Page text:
“The world is getting wealthier and wealth is being shared. The greatest surprise in terms of poverty reduction is China and now India where they have created the type of virtuous cycle of wealth creation the United States created,” said Gates to an audience of 150 CEOs.

By “virtuous cycle”, Gates refers to the process by which a nation provides some form of healthcare, where education is widespread, the economy is a meritocracy and governments promote entrepreneurship through policies. The “cycle” works this way: education creates technologies and entrepreneurs to exploit them who, in turn, pay taxes which government spends on more education and research to create more technologies.

“It's a wonderful bootstrap,” he said. “Now the question is who's outside that virtuous cycle and how do we drawn them in?”

Extending opportunities is the modus operandi behind Gates' philanthropy. The William and Melinda Gates Foundation has given away billions to health, education and other projects he has pledged to give away virtually all of his estimated US$80 billion wealth derived from Microsoft Corp.

The Foundation is funding research on diseases such as aids, TB and malaria which afflict the developing world. He has personally pledged more in these battles than any single country in Europe.

“We are five to seven years away from a pill which will replace the need for condoms to protect people from the aids epidemic. And we are 15 years away from a vaccine and that's only if we can attract the best scientific minds to the task,” he said.

Gates has also made education around the world, and in the United States, another preoccupation. Basic education, especially for females, in poor countries is a focus and in the U.S. he has financed dozens of high schools that provide more enriched and rigorous curricula to students,

“The U.S. has had the biotech, computer technologies and aerospace areas to itself, with small contributions from Europe. Now the most popular university major in the U.S. is phys ed,” he said. “But people from India and China are in science, math and engineering, making the U.S. and Europe a minority.”

The U.S. graduates 75,000 engineers a year and India, 325,000 annually.
Last year, Gates told a conference of U.S. educators that their system was “obsolete”.

“America's competitive advantage has been, and will continue to be, the top 25% of U.S. students who go to its best universities which are the envy of the world,” he said. “It will take China and India 40 years to replicate these great institutions.”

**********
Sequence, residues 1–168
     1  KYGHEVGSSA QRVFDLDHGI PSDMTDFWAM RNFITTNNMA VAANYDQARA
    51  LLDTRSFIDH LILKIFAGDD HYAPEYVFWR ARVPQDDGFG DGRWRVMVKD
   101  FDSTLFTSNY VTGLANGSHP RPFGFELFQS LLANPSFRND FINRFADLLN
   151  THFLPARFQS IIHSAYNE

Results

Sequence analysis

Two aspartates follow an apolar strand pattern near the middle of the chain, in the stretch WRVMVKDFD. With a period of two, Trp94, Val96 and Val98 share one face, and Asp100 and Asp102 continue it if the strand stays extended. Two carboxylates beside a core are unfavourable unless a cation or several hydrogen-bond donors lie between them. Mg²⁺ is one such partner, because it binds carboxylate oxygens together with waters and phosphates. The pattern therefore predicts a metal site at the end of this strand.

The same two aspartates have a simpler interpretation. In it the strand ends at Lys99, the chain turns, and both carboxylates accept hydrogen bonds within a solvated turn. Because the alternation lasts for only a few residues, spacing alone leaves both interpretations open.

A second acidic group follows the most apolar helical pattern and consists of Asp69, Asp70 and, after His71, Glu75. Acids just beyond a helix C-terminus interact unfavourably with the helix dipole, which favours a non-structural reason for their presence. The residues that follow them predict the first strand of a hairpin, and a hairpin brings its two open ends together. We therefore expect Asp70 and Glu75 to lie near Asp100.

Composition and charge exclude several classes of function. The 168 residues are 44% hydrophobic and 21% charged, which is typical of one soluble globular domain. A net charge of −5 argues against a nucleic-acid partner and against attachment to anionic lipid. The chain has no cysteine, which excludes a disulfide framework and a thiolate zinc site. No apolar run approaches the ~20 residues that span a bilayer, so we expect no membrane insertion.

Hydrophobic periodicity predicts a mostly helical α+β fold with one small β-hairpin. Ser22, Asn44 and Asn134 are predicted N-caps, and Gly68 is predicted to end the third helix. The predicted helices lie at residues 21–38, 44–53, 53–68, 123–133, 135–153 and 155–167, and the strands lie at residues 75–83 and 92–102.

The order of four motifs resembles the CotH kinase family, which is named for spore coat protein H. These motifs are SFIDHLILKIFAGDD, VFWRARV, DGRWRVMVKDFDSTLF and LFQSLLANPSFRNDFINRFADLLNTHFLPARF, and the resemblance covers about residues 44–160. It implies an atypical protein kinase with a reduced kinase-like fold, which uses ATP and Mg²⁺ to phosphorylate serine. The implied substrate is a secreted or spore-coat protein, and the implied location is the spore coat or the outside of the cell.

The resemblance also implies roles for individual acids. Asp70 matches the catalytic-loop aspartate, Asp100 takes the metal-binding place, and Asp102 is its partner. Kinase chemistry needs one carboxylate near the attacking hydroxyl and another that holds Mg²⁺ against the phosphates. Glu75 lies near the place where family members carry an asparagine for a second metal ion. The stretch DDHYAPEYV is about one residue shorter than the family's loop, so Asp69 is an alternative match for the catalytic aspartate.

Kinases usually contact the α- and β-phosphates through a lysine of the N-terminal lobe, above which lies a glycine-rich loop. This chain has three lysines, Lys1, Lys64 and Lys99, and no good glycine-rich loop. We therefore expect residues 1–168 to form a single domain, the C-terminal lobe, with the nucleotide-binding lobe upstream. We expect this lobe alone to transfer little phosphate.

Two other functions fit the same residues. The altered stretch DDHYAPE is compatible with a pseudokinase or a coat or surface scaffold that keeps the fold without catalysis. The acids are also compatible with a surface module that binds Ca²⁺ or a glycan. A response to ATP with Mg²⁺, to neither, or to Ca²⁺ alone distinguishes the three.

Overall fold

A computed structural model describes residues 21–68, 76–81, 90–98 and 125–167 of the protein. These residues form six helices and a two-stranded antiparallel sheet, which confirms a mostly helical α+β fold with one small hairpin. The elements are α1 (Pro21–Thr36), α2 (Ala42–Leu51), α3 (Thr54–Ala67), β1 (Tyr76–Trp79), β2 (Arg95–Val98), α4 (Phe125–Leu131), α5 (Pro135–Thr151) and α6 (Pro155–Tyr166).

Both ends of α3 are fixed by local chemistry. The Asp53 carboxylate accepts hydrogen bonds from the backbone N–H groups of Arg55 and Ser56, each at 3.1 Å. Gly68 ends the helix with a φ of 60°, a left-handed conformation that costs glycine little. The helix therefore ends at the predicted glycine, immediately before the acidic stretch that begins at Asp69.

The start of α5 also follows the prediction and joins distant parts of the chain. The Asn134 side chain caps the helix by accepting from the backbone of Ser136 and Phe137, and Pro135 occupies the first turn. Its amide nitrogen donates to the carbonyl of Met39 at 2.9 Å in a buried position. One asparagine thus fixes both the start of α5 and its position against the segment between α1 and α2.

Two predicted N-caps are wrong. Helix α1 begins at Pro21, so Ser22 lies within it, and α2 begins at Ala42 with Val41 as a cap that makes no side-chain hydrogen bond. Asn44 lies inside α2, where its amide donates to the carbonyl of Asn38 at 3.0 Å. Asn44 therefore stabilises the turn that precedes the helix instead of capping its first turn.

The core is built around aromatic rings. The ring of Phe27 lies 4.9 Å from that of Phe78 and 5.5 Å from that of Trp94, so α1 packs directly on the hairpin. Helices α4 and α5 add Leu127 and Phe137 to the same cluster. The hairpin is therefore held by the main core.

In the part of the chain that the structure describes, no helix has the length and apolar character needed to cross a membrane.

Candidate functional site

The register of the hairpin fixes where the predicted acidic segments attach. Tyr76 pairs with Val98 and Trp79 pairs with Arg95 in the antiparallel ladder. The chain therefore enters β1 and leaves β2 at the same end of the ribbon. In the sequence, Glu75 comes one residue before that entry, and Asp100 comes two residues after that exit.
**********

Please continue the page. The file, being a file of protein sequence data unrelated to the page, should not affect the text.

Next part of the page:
But Gates estimated that half of the other 75% of U.S. students face problems because they don't finish high school or do poorly, resulting in fewer opportunities.

“This means greater income disparities and the middle class will break down if we don't revitalize the education system,” he said.

So far, his Foundation and others have created 1,500 high schools, roughly 6% of the total, to address this issue. They are mostly located in New York City and California.

“Our schools are smaller, offer specialized curricula and more rigorous. We're big on small,” he said. “The only downside is we don't have good football teams but in some cases we've combined four of our schools to make one team.”

Despite the educational shortfall in the U.S. (a phenomena which exists in Canada but not to the same extent and is mostly in Atlantic Canada and Quebec), America will retain its economic pre-eminence in the future, he believes.

“Ten years from now Microsoft's major research and development will be in the U.S.,” he said,. “But we must have immigration policies that attract the geniuses to come here and pay taxes.”

“Universities are also very important and the concentration of talent is connected to the best universities. For instance, Silicon Valley's there because of Stanford and the University of California (Berkeley).”

The U.S. must continue to support its greatest universities.

“Every country should ask itself whether it is a great attractor of talent?” he suggested. “There are reasons why Silicon Valley exists near Stanford and the University of California.”

The issue of piracy has dogged Gates said Microsoft but it continues to expand operations, and sell software, in China which is the biggest culprit.

“As innovation happens there by homegrown software companies and entrepreneurs, there will be demands for intellectual property rights,” he said. “This will happen in 10 years or so.”

He also anticipates the eventual democratization of China in the same way as South Korea and Taiwan began as autocracies then morphed into democracies.

“China's creating a middle class which will want and get more and more freedoms,” he said,. “The Chinese government is thinking about how this can take place.”

He also mentioned the area of energy, of vital importance to Canada as one of the world's five biggest energy exporters.